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November 28, 2010 - John Stack
When the term ‘tax breaks’ gets thrown around, what does that really mean? Right now, the biggie at the federal level is the income tax structure, or the so-called ‘Bush tax cuts’. The fight there is to extend the income tax cuts on the higher income earners or not. Then there are local and state sales tax breaks. There are also big electricity discounts, like the $58 million in electricity discounts for a Yahoo data center in Lockport, or the $ 96 million in electric subsidies for a Verizon data center in Niagara County over the next 15 years. And then there is the Mac Daddy of tax breaks, the real property tax breaks. Ostensibly, the tax breaks are to create jobs. And looked at in one way says that these two projects are ‘spending’ $2.1 million and $3.1 million for each job created.
Allison Duwe, executive director of the Coalition for Economic Justice, a nonprofit research and advocacy organization says these are "a colossal misuse of resources,"and "Any rational person should question if this is the right way to do economic development and bring about a shared recovery,"
Its true, these data centers are very low labor intensive jobs, and therefore don’t have the huge economic multiplier effects like a car factory might. But I would say the actual tax dollars ‘spent’ are misrepresented. Yes, the electric discounts are tangible, but its from low cost low polluting hydro plants which are currently begging for customers in western New York. I don’t know, but is the power company at least breaking even on the break? If so, to bring in a $3.4 billion dollar investment and the power is a wash, go for it.
But, I’m looking more at the real property taxes, which is my personal bailiwick. Estimates put the Yahoo and Verizon property tax deals $120 million in added property tax revenues over the next 20 years. But, opponents say they amount to the two companies paying only about 15 percent of what they would if fully taxable. In other words, they see that they are somehow losing out on the ‘lost’ $800 million in property tax dollars. I say bullpucky. Its not like the region is somehow special and the companies would come anyway. They could just as well relocate to Tennessee, Ohio or Virginia without blinking an eye. Now, if they were going to build here anyway, ‘No tax breaks for you!! Like a McDonalds. They would locate in Saranac Lake regardless of a tax break, or the fiasco a couple years ago when the Marriott Hotel was slated to get a huge tax break – after they had all ready started to build in Lake Placid! Tax breaks are there to help US, the taxpayers out, if it doesn’t why grant it? Anyway.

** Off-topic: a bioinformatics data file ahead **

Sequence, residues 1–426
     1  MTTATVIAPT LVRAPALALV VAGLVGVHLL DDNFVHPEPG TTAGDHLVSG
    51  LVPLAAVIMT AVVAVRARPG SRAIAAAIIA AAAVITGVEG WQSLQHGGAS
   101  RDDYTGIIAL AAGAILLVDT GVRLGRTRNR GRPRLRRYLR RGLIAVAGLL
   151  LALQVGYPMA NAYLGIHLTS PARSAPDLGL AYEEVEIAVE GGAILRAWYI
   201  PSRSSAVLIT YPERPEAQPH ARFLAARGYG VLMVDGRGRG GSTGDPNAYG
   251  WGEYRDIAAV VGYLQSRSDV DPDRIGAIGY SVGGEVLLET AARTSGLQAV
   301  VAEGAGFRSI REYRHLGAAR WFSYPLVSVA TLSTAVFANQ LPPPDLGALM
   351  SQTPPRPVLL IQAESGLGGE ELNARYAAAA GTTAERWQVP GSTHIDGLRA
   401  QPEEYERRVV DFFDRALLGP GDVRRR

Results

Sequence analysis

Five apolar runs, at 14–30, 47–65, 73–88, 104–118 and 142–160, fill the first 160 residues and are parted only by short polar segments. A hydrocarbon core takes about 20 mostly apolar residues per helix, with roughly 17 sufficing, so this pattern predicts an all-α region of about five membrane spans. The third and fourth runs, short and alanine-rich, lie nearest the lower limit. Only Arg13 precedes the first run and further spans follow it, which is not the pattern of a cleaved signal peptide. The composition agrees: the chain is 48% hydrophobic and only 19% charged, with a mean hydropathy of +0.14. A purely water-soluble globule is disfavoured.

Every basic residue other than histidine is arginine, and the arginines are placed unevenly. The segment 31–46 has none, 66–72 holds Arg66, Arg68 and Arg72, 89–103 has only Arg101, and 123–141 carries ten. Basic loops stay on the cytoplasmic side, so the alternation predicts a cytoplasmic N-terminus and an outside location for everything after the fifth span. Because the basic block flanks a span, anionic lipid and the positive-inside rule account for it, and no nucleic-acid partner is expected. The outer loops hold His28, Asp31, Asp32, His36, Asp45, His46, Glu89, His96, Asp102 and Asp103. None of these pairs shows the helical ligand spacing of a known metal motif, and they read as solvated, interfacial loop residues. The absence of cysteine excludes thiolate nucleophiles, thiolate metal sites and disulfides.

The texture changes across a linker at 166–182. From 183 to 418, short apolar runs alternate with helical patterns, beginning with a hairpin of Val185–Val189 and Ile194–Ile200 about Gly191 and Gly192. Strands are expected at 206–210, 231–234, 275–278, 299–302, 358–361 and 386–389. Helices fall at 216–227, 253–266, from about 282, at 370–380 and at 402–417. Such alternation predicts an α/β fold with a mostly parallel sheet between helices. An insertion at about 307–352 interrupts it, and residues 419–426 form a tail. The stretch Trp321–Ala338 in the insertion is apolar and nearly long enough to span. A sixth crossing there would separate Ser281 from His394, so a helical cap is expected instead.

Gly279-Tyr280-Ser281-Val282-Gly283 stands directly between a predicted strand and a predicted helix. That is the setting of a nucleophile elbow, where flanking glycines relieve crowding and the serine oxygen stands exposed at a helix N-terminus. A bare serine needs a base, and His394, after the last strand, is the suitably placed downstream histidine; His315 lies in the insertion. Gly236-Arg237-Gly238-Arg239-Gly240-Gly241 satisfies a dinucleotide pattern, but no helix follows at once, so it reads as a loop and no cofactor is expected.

The two data centers would ostensibly skip out on $800 million in property taxes. What if they didn’t get these tax breaks. Then, the localities would be out of EVERYTHING the data centers would bring. All the jobs, all the investments, everything that comes along with the centers. Hundreds of millions in money spent on local labor in building these centers. Is it a overall plus for the region?
What do property taxes pay for? They pay for our schools, our roads, our police and fire. These data centers wouldn’t be bringing in a huge influx of people, so its not like the schools would be out anything, and some of the taxpayers would now have jobs, and good paying jobs. For the schools- a complete win over what they have now. Counties? One of their biggest expenses are on social programs. Seeing these places aren’t likely to cause more social programs to be needed, pretty much a complete win for the county. Towns? Well these places need roads and fire service. Other than some extra cost for the extra usage of roads around the plant, not much is spent there for roads. Fire? Police? These are places that probably have very high security as well as self contained fire systems. A win win for the towns too . Everyone wins. Why are people complaining then?
Because they equate what they are NOT getting as money they are actually losing. It not like the companies are getting $800 million dollars of services and only paying $120 million. In fact, even at only $120 million, the municipalities are milking these as cash cows, getting much more out of them than they put in.
I liken the detractors to what a local guy attempted back in my home town. He bought up a dilapidated mansion, and wanted to turn it into an old folks type of home. IF approved, he would have been able to make hundreds of thousands of dollars a year. The permits and OK for the project never came through. He was lamenting that he had lost hundreds of thousands of dollars. Actually, he had lost no money whatsoever; he had lost possible future income. Heck I lost millions yesterday, only because I didn’t pick the right numbers for Powerball.
My point being, be very careful when you see estimates on ‘lost property tax’ dollars. If a place was not going to build there, offering incentives that at least are a wash for the community is a good strategy. Offering tax breaks to those who would locate there anyway, that is losing tax dollars.
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